Jim’s musings. .


This section could be about ANYTHING. .

Democracy may be a good form of government but it is not a substitute for GOOD management. Examples:  Democracy knows that it is a good thing to provide health insurance for its citizens.  Management knows that the insurance must be paid for.  Democracy lets a Congressman advance a bill that gives some service or benefit to his citizens.  Management knows that the service must be overseen and managed long after the Congressman has forgotten his bill and is dreaming up another one.

It was amusing to hear the President talk last night about our aspirations to reach the “middle class”.  I never knew anyone who set out to be in the middle class.  Everyone aspires to reach the upper class.  Then we don’t quite make it and end up sort of happy in the middle class.

I’m shocked by the stupidity of our foreign policy of the past twelve years in which we undertook to reform the despotic governments of Middle Eastern nations by trying to install democracy.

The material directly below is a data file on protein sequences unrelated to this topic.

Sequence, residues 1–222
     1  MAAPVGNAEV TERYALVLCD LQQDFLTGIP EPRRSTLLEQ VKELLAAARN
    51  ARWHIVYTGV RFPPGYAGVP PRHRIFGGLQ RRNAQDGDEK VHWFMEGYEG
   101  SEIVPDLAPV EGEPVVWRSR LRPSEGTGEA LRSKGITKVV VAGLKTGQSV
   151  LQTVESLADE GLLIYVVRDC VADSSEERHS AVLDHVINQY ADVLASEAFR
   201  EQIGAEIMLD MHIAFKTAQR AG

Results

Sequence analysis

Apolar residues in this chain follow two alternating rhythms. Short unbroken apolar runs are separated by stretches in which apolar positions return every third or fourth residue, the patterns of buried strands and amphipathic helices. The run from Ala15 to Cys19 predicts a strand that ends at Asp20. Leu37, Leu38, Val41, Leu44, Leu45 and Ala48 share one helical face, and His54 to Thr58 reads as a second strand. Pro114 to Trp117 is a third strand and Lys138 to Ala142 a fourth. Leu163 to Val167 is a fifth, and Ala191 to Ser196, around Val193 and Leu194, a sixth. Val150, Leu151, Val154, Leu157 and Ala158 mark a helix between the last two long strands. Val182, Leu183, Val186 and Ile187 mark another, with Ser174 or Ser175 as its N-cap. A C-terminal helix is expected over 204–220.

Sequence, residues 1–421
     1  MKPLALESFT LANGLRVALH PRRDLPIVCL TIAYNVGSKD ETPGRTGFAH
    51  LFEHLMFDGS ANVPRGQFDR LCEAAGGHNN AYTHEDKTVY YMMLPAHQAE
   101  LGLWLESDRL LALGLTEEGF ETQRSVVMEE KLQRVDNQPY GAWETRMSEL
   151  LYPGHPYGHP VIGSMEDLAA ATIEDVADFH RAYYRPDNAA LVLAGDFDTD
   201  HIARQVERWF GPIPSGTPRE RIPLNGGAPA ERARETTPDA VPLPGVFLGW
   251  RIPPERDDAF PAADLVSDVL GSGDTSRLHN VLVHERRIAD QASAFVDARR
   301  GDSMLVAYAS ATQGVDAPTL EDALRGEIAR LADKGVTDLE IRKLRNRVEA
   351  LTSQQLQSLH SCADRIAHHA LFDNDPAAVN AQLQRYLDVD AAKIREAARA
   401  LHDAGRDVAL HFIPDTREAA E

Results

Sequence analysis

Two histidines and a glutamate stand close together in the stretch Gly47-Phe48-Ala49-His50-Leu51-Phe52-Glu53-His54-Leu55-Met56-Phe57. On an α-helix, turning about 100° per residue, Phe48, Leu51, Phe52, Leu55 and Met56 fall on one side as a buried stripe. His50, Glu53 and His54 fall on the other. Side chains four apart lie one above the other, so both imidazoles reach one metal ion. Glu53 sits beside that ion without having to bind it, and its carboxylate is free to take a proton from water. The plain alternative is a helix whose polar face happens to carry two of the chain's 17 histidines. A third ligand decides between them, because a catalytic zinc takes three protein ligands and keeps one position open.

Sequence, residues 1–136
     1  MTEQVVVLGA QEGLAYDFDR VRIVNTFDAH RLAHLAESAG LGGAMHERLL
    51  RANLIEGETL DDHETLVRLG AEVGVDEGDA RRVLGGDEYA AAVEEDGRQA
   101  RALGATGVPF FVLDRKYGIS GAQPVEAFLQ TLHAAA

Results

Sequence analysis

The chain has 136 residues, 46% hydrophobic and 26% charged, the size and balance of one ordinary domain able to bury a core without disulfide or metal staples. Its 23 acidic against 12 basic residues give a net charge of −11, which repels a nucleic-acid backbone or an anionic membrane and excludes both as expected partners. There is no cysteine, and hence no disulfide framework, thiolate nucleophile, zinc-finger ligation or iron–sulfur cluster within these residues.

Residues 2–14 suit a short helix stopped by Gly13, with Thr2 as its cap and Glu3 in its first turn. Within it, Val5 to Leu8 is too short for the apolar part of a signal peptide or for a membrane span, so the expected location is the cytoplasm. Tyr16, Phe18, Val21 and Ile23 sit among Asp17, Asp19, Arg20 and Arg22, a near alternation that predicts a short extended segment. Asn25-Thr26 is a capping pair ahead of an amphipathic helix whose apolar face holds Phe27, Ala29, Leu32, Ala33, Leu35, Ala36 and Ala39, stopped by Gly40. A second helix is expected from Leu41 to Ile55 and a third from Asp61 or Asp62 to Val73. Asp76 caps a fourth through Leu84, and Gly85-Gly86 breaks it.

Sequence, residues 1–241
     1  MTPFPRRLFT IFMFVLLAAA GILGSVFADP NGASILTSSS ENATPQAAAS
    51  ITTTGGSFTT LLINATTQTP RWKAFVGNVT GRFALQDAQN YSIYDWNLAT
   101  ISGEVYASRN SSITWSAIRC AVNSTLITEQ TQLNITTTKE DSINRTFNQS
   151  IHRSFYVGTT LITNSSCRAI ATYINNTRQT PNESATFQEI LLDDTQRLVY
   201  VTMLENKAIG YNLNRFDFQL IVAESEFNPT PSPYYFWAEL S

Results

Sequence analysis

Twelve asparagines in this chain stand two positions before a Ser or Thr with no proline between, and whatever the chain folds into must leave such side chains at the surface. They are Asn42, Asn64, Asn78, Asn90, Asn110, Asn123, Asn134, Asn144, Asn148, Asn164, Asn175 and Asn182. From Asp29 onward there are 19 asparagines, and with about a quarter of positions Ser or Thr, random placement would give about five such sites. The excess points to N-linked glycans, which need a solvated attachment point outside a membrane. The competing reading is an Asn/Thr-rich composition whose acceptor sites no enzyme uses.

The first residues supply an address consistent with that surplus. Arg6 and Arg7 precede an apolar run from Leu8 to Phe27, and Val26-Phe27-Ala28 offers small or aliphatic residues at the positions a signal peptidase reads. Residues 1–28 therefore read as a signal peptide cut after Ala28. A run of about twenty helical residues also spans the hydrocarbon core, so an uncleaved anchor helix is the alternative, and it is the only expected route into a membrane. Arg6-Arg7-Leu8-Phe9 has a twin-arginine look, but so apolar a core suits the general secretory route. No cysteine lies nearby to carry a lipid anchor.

I could hardly believe that we undertook to replace Saddam Hussein in Iraq using the excuse that he possessed “weapons of mass destruction”.  As soon as it became known that Saddam did not possess weapons of mass destruction we should have backed off and allowed him to remain in place.  (I do wonder what nation does not have “weapons of mass destruction” but that’s just me.) The fact that Saddam was a despot and a murderer was not our concern – these were the concerns of the people of Iraq.  The idea that we can go into a nation and “establish” democracy is idiotic.  Democracy can only be established by the people of the nation itself who want democracy so badly that they will fight for it.  Instead we decided that we would give it to them. It hasn’t worked.  And it has established the United States as the most–hated nation by the Middle Easterners – almost all of them. 

The Iraqi deaths that were caused by our intervention now total more than 100,000.  Saddam was horrible but he didn’t come close to that figure of 100,000 deaths. Foolishly, we hanged Saddam instead of punishing him by putting him back in charge of his country.  Our Iraq intervention did establish Al Quaeda as the focus group of millions of non-Al Quaeda members who now and forever will hate the United States.